16. k fischer says:

    I don’t see how the legislature could be any clearer with the words “the Convening authority shall approve the sentence in whole” and “shall have no authority whatsoever to modify the sentence.”  In fact the CA’s authority to suspend a sentence appears in Article 60(c)(2).  The proposed amendment deletes that and replaces it with the very clear language that I have bolded.  
    Phil, we completely agree on this.  The CA could enter into a PTA, but the only thing he can order is a suspension of forfeitures.  So, if he agreed to approve only so much of the sentence that called for 90 days confinement, and the judge sentences him to one year, then he goes to jail for a year because the convening authority shall approve of the sentence as a whole and shall have no authority whatsoever to modify the sentence of the court-martial, which in this hypo is one year.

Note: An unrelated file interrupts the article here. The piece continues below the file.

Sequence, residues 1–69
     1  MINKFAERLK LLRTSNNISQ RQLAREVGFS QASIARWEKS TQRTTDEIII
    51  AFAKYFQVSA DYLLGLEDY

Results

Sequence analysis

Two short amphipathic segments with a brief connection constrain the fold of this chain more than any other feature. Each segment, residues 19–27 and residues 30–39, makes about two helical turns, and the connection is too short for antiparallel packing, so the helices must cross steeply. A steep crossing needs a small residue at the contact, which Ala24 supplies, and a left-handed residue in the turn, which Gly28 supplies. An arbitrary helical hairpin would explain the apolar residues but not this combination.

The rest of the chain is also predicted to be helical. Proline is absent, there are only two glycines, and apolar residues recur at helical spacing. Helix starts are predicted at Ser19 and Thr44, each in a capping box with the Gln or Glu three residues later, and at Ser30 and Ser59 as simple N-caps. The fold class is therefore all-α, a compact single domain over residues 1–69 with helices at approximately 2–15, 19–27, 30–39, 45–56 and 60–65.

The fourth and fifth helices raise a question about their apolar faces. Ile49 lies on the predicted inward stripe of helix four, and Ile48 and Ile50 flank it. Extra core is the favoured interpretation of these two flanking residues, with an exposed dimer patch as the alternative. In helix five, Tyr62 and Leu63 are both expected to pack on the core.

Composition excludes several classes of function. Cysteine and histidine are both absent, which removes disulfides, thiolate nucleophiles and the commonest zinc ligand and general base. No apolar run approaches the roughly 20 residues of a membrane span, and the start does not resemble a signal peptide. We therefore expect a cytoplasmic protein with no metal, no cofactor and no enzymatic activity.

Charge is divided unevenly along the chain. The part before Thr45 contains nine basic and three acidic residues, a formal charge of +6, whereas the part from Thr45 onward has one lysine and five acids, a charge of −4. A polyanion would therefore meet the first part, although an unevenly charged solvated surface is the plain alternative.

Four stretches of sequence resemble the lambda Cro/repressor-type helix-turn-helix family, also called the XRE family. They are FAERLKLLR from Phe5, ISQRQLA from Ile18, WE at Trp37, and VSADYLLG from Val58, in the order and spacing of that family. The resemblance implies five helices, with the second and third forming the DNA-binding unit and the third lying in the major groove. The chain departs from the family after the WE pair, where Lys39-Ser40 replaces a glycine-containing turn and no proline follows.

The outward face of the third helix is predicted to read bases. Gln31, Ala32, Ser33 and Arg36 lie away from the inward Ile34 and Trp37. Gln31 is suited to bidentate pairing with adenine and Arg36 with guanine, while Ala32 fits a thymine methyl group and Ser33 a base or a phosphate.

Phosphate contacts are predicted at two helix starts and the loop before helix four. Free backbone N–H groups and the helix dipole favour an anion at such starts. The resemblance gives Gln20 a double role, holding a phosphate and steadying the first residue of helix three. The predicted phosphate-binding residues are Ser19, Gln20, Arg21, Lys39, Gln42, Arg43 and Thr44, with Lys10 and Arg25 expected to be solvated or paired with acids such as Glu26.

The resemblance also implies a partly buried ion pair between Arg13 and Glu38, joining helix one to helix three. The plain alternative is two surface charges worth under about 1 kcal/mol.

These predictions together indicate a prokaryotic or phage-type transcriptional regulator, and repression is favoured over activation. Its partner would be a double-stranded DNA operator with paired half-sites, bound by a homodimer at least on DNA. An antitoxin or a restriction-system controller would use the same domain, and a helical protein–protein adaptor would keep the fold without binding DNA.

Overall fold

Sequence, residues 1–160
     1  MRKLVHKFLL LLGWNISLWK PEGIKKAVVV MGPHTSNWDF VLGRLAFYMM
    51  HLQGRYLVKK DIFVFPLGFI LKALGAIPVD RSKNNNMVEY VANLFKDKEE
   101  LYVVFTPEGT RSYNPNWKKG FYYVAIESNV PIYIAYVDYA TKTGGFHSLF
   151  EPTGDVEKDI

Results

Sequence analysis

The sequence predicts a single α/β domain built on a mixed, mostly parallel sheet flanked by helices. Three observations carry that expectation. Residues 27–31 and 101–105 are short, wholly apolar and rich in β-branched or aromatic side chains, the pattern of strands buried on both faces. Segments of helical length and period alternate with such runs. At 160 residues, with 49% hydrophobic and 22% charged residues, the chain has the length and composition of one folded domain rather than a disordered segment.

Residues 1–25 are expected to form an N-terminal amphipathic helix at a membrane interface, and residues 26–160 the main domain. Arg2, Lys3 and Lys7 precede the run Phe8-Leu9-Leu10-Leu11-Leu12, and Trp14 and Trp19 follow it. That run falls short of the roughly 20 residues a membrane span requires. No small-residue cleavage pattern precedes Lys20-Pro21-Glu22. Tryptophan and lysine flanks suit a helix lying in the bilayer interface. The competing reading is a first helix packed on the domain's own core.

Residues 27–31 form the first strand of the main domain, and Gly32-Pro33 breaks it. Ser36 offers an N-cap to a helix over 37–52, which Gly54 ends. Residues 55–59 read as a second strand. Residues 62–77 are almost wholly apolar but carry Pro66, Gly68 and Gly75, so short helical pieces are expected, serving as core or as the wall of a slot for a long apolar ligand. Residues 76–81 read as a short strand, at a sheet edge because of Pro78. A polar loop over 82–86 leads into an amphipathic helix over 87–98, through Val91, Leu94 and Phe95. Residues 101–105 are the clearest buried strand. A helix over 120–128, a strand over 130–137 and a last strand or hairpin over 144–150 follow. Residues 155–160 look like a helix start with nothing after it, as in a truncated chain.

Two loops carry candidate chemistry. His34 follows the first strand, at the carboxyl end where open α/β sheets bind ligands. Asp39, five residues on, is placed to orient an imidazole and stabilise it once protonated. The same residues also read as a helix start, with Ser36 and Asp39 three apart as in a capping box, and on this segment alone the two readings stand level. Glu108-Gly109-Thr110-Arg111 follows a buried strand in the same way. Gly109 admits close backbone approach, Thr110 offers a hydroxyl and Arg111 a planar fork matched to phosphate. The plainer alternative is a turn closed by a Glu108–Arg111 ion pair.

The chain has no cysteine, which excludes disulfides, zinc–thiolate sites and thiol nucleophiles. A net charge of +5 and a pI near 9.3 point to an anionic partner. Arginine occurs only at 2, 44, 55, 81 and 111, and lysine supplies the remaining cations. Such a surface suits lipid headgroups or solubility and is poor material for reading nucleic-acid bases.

I cannot fathom how anybody could read this any other way, unless Phil, Dwight, Lt Col Winklosky, and I are wrong.

  17. Tami says:

    This completely does away with bargaining power.  Right now, the accused gets the benefit of every part of a sentence that is lower–the sentence from the judge, or the sentence from the PTA signed by the CA.  So following k fischer’s example, if the judge also sentenced an accused to a dishonorable discharge, but the PTA calls for a BCD, then the CA has no choice but to approve the DD.
    The CA would have no authority to suspend or defer confinement or reduction in rank, no authority to suspend the discharge, nothing.  And there would be no point in a judge or jury recommending clemency, which does happen occasionally, because the CA wouldn’t have any authority to grant it.